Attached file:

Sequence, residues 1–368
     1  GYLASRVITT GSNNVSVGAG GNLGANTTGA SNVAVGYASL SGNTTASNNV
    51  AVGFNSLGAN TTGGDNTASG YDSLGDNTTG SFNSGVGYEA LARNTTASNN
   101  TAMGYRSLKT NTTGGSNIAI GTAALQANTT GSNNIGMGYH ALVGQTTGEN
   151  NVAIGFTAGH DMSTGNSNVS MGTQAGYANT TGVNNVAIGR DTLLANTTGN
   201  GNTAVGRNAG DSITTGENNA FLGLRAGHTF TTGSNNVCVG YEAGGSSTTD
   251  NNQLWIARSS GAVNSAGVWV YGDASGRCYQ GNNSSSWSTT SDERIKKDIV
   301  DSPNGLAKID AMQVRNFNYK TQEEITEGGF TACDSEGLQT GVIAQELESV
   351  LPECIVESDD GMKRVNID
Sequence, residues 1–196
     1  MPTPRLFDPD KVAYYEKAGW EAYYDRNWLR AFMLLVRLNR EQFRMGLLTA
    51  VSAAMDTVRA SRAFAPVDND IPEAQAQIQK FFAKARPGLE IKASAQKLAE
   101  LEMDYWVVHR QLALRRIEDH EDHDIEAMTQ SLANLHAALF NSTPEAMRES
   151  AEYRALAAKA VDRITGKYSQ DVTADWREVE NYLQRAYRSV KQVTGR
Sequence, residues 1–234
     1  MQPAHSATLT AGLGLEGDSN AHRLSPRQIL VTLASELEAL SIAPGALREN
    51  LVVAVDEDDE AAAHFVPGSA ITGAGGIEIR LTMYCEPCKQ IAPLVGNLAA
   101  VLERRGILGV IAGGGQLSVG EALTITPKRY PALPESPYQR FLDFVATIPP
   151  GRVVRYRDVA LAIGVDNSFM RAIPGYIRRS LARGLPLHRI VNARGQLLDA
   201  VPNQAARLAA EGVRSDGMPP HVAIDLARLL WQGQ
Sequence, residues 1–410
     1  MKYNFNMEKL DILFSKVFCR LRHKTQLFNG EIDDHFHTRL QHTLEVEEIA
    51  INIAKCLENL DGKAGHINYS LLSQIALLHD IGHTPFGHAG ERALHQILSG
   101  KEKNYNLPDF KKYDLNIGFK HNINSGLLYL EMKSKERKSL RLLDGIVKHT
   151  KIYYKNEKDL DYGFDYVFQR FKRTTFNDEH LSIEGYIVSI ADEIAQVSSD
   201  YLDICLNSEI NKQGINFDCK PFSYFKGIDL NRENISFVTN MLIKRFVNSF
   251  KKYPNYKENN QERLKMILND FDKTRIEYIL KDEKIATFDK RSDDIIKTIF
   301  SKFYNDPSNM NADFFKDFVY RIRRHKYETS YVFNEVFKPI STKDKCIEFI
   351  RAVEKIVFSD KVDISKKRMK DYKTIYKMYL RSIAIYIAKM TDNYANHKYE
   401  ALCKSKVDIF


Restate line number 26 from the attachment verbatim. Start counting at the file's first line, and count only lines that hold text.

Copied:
   201  YLDICLNSEI NKQGINFDCK PFSYFKGIDL NRENISFVTN MLIKRFVNSF